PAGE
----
The 24 Hours of Care footage has been compiled to provide a glimpse into what a typical day is like for the caregivers, and is available for viewing at www.24hoursofcare.ca.
This must have felt like simultaneously the most daunting yet worthwhile brief ever. How did you initially get involved in the project?
It was definitely one of the most worthwhile briefs I’ve ever seen. It was ambitious but not daunting. When I first saw the film was going to be 24 hours long, it made so much sense. You can’t fully comprehend what these caregivers are going through, what their life is like without showing their entire day. The film needed to be 24 hours to show that the care never stops. It needed to be 24 hours to be truthful and do justice to the stories.
With 10 families to coordinate across 24 hours, presumably a huge amount of planning and logistics, both in pre-production and during the shoot, was involved. Can you tell me a bit about the process? Had you ever had to tackle anything similar before?
One of the first things I did was create a rough layout of logistically how we could film 10 families across Canada and how we would ensure we’d have 24 hours of watchable footage. A lot of my approach to the film happened in pre-production.
To make a truthful film, I wanted to make sure everyone we were filming felt comfortable and open to the experience. These are families that weren’t accustomed to being on camera and certainly weren’t accustomed to opening their private lives to strangers. So, it was so important to not be a stranger by the time we started filming. Leading up the filming -I spoke extensively on multiple occasions with each caregiver.
An important part of the project was self-filmed journals that each caregiver was submitting. We mailed them out iPhone kits and I took each of them through an info session on how to self-film journal entries about their lives. They’d upload the videos daily and I was able to give them feedback. The journals became an important part of the 24-hour film edit but they also provided a way for me and the caregivers to get to know one another. They’d upload a video of their day, and I was able to watch it to learn more about them and their families. This insight not only helped me understand their situations better, but it spawned many conversations between me and the caregivers. We’d have regular text exchanges and phone calls. It also informed what aspects of their lives we knew we wanted to film to best serve their stories.
Ultimately, I wanted the caregivers to know I was there to support them, to work with them to tell their story and that approach was well received – it helped establish trust. By the time it came to the shoot day, we had already established a friendship. There was already a comfort, so we were immediately welcomed into the caregiver’s lives. I think this comfort and trust that they had with us really comes through in the film.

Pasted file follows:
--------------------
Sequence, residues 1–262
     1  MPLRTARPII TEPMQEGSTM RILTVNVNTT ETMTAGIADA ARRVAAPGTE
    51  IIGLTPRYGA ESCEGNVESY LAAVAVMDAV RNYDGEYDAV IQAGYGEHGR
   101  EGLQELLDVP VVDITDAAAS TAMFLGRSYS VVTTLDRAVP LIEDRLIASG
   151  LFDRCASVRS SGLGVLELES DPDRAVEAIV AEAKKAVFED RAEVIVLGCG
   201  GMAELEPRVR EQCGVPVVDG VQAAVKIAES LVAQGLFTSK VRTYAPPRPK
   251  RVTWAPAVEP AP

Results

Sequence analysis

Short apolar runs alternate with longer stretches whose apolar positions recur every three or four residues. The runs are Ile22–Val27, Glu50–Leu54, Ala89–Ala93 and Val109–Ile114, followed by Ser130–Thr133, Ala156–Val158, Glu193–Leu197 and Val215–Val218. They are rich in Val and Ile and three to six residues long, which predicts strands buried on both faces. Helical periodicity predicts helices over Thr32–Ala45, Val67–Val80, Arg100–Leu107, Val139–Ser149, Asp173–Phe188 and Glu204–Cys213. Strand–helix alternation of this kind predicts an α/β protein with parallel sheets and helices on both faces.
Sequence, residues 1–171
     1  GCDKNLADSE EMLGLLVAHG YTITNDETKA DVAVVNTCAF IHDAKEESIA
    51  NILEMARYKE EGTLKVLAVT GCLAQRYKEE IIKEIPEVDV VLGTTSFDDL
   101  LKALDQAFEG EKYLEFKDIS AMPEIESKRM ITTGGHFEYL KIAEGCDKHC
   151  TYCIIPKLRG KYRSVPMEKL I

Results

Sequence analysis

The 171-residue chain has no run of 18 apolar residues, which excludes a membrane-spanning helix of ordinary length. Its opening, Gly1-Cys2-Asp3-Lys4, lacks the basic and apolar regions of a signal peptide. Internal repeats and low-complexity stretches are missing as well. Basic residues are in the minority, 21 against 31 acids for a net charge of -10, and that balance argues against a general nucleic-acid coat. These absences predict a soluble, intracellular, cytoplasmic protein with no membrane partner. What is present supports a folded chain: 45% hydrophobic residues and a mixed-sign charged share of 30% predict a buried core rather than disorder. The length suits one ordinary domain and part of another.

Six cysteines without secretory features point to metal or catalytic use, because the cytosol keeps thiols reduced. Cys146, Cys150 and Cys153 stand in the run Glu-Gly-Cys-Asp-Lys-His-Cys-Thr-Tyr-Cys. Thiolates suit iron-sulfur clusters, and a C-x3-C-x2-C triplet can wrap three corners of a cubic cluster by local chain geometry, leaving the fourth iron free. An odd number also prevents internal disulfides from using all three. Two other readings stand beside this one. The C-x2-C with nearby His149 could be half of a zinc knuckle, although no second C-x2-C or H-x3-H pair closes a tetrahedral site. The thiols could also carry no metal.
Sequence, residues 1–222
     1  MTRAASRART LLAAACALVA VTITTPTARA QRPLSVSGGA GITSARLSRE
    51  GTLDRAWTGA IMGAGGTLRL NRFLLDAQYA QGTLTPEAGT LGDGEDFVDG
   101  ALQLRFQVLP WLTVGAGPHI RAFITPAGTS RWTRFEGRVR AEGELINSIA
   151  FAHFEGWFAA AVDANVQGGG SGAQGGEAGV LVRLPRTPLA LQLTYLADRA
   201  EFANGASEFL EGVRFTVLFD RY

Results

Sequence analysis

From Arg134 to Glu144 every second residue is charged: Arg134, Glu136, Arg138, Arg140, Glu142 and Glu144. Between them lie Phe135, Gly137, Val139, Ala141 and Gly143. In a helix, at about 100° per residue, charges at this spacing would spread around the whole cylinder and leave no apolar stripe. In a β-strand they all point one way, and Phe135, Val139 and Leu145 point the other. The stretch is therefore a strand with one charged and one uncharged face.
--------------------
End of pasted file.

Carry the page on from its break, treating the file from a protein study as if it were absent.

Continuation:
As the blurb around the film says, family caregiving is generally something that happens in private, behind closed doors. How did you go about building a rapport, and capturing those incredibly intimate moments? Do you have any personal experience of caregiving?
While I don’t have any personal experience with caregiving, I have seen family members fall into the role of caregivers. I have so much respect and empathy for the work they do.
Because of my background in journalism, I’m very familiar with working with people who aren’t accustomed to being in front of the camera. I see my role as working with them to tell their own stories; they’re the experts. I’m there to support them and guide them to tell their own stories. All the work and the conversations the caregiver’s and I did together in pre-production set this tone for our relationships. We were in the filmmaking process together and I think that’s how they felt comfortable sharing even intimate parts of their lives with me.
On our shoot days I kept the production footprint as unobtrusive as possible. I wanted to keep the environment as close to a typical day as we could. Usually it was just the DP, sound person and myself in the family’s home. We’d ease into the day by shooting from pretty far back and as the family’s got more accustomed to us being there we were naturally able to move in closer in a way that didn’t make them uncomfortable. My goal was to always make sure the family’s felt comfortable, so they felt safe being themselves and we were able to film them in a way that was genuine to them.
Because each caregiver had a unique story, the way we told it was a little different, the way we approached it and the support we provided was different. For example, Pamela’s 8-year-old son Isaac has Down’s Syndrome and feels most comfortable when he’s in his routine and knows what is happening next. Before the shoot, we talked a lot about how to make sure Isaac would be comfortable with us being there. We took photos of me and of the DP Stuart holding his camera, and sent them in advance to Pamela. Pamela turned the photos into visual aids to explain to Isaac exactly what he could expect on our filming days. It worked very well. Also on the shoot day, at one point early in the day we had some down time, so I was able to sit with Isaac and read some of his books to him and he loved that. Those few minutes we spent together made the day so much easier.